Q: I have been studying the commodities markets for mostly my own edification for over 8 years with a brief attempt at trading a few contracts three years ago before realizing I needed more formal training if I wanted to trade successfully. To make a long story short, after reading approx. 20 books, purchasing a software program (“Mechanica”), end-of-day data feed and taking one on-line course prior to yours, I am getting ready to start testing a system of mine with a paper trading account through an on-line broker. My question – I have saved up 20k with which to trade. I tend to gravitate toward short term trend following, mechanical systems. From what I can gather from the recent course, most trend following strategies are not very compatible with an account less than 100k. I am not opposed to day trading strategies (i.e. swing trading, etc) but I currently work all day and need to make my decisions early in the morning (I live on the west coast) or evening. Do you have any recommendations for me with regards to types of systems I can test that might be more compatible with my current living situation?
A: You need to think about your risk and at first make sure that your risk is no more than 1% per position, perhaps ½% when you start trading. There are some futures contracts that you can probably trade with $20,000 but it depends upon where your system says to put your stops.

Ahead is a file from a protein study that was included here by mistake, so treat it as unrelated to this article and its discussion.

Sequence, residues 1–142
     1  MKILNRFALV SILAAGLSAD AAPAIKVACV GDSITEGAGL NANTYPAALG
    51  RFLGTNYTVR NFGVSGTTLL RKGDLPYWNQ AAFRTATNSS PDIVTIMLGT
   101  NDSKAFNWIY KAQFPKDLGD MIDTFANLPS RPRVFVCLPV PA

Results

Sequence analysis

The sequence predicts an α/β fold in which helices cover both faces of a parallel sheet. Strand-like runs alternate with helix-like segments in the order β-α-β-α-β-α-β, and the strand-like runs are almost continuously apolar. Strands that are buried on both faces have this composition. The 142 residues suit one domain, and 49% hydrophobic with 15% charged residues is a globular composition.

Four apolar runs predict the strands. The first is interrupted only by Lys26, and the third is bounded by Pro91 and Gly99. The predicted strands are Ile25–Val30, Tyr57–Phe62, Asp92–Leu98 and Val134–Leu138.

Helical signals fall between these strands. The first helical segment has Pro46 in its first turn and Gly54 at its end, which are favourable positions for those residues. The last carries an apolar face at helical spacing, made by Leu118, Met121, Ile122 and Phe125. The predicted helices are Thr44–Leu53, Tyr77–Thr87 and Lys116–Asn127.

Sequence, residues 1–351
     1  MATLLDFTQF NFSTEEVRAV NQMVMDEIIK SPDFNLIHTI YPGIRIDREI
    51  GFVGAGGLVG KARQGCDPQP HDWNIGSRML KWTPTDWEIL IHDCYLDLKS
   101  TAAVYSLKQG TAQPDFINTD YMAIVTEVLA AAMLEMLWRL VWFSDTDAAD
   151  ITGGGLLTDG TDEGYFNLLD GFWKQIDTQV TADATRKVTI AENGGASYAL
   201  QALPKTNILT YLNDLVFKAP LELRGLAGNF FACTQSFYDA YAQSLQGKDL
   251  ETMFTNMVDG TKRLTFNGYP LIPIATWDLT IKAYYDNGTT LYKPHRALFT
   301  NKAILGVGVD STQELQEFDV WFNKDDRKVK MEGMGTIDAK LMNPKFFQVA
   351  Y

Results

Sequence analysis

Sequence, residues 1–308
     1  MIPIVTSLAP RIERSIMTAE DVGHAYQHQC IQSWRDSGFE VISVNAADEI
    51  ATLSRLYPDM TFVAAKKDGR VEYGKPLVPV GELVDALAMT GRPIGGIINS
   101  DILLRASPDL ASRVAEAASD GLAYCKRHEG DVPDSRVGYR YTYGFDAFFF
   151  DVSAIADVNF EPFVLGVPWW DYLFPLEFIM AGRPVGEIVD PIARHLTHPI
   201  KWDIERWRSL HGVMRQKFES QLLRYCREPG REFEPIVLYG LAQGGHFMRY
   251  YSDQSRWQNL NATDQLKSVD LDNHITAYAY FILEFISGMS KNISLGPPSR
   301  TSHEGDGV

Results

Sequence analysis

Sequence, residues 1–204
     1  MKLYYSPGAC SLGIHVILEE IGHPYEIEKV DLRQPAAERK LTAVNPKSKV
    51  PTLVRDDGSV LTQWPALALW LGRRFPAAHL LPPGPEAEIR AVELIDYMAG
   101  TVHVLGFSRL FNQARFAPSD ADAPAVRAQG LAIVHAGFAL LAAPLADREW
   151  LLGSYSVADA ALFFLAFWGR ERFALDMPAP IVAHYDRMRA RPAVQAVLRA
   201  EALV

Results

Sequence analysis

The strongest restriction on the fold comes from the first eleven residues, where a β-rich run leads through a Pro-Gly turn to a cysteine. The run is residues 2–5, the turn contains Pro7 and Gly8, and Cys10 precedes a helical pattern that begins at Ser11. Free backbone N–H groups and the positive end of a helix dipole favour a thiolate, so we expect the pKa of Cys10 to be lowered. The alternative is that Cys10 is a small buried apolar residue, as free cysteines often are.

Let’s say you trade a corn contract and that corn is currently trading at $6.00. Your 5000 bushels of corn will cost you $30K which you can easily do on margin with a $20K account. But where is your stop. Let’s say it is 10 cents away at $5.90. Your risk is 10 cents time 5000 bushels or $500.00. You’d be risking 2.5% on your one corn contract. Thus, you can’t even trade corn unless you want to use a 2-3 cent stop and your system probably isn’t that tight.
So what you are looking at is finding instruments that you can trade where you risk is no more than $200 per position. You could buy a $20 stock with a stop $5 away. That would give you $5 risk per share. And if don’t want more than $200 in total risk, then you could simply purchase 40 shares. That’s how you would decide what you can trade and your position sizing.
1) Determine what you system says your stop would be.
2) Knowing that your risk should not be more than 1% of your account or $200, divide your risk per unit into 200 and see what you position sizing is.
3) If you can do that amount, then you can trade that instrument.